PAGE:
Drug approval could boost research on marijuana treatment for autism
Published on Aug 12, 2018
Earlier this year when the FDA approved CBD as a viable treatment for certain forms of epilepsy, it not only created hope for patients with those types of epilepsy but it also opened many doors for researchers to continue to study cannabis and potentially treat dozens of other illnesses. By acknowledging that CBD has medical value we proved that cannabis has at least some medical value and therefore should not be a Schedule 1 narcotic next to Heroin and LSD. With this major shift officials at the DEA have until September 23 to decide the new classification for cannabis. A change in scheduling will mean many more studies including some for autism that are already in the works. 6 states in the U.S. currently allow medical marijuana as treatment for autism but many patients and guardians of patients have been using CBD to treat certain types of autism with some success. One new study will help determin which cannabis compound is most effective for treating autism and at what dosage.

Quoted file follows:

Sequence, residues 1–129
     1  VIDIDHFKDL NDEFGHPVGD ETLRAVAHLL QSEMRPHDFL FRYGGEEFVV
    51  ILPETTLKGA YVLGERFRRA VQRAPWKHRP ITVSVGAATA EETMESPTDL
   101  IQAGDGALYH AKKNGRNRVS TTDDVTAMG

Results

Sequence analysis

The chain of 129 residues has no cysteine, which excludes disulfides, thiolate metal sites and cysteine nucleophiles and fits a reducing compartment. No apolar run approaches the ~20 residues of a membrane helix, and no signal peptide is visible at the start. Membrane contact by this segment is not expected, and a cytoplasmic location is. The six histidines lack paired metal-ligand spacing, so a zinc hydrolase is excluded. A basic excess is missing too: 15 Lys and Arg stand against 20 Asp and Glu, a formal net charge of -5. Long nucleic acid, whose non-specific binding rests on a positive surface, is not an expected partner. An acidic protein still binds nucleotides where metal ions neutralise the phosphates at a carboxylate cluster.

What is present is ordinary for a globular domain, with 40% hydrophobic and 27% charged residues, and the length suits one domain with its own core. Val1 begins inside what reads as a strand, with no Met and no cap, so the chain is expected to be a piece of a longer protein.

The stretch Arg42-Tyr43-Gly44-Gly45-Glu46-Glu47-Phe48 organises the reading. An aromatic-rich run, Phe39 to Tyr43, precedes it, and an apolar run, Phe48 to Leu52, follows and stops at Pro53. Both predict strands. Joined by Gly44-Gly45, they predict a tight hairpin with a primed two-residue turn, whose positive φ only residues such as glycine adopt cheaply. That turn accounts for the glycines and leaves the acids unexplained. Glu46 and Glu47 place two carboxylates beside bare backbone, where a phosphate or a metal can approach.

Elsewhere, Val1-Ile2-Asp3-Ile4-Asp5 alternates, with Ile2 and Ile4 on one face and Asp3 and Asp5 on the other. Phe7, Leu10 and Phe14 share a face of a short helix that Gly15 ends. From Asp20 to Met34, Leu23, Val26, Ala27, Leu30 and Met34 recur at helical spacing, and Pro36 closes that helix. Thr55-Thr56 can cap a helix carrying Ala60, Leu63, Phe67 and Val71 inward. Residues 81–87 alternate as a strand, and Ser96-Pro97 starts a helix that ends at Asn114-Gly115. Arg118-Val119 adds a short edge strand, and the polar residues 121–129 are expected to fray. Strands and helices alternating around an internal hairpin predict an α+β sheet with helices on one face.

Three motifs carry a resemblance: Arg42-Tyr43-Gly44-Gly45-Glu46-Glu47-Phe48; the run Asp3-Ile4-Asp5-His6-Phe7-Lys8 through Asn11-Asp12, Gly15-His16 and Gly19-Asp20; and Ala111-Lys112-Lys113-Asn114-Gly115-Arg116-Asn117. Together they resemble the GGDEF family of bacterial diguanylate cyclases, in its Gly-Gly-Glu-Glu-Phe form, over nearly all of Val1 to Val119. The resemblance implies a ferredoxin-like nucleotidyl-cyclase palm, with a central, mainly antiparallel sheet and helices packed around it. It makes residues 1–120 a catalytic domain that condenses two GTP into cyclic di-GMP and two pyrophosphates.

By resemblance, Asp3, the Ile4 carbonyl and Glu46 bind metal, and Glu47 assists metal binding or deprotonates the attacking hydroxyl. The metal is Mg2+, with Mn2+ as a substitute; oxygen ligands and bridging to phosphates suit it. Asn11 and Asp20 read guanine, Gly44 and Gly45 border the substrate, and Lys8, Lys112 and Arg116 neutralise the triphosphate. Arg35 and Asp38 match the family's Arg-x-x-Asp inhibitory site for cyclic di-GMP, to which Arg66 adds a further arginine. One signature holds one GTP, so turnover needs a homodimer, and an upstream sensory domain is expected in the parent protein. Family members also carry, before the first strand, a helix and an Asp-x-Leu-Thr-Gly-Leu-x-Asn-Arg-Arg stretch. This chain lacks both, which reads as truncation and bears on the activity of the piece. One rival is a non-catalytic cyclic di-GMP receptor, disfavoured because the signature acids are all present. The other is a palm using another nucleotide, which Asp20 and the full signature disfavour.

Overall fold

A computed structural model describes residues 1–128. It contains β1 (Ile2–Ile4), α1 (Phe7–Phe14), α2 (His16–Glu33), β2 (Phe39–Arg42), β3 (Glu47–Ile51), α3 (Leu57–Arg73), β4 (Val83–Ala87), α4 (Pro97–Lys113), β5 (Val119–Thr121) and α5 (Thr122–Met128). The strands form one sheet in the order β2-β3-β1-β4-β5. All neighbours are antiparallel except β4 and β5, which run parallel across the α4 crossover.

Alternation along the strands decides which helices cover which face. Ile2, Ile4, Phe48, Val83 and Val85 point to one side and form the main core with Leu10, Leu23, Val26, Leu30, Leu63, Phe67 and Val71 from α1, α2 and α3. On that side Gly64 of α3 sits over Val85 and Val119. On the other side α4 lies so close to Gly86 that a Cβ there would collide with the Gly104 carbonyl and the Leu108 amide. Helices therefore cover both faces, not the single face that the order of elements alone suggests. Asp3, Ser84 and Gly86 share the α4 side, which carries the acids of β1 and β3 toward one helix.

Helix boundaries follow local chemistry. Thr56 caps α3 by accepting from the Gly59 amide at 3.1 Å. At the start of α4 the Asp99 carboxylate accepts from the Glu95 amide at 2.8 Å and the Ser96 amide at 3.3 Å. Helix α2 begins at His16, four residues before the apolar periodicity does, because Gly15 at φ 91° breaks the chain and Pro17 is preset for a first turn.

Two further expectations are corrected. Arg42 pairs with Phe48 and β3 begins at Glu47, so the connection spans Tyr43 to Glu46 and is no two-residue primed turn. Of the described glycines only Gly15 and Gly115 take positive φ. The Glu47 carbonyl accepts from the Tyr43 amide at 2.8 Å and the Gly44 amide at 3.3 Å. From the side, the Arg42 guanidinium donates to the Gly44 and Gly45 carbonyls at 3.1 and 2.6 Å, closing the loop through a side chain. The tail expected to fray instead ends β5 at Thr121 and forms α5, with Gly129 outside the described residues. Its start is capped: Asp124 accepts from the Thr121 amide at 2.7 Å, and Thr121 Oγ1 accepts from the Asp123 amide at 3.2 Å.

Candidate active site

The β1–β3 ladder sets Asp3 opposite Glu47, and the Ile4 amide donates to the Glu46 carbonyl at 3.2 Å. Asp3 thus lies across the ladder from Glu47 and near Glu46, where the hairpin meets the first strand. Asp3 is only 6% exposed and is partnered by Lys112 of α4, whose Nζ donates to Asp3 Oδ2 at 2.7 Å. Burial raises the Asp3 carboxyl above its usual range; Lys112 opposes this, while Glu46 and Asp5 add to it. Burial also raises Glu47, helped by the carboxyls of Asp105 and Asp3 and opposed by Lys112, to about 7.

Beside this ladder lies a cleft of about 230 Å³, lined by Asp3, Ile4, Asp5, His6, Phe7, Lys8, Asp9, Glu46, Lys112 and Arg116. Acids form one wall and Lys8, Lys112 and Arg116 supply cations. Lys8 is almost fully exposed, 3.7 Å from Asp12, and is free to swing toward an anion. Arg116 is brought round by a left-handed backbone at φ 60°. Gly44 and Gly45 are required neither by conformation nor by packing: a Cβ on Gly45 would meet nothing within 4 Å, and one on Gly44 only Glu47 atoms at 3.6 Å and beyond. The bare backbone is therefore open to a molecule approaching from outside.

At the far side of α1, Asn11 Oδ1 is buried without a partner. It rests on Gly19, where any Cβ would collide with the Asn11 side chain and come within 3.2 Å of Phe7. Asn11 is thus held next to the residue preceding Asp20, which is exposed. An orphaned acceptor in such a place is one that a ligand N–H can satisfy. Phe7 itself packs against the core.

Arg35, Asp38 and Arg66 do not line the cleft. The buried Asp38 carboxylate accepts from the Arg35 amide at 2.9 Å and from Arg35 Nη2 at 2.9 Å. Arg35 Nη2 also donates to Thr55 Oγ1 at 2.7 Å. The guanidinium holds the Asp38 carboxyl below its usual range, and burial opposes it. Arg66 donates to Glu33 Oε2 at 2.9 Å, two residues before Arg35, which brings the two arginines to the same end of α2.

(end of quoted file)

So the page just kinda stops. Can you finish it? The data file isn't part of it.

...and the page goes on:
“The approval of Epidiolex has changed the regulatory landscape for cannabinoid products,” says Orrin Devinsky, who led some of the clinical trials on Epidiolex. “This will make future trials much easier and less expensive.” Devinsky is working on two other trials for autism.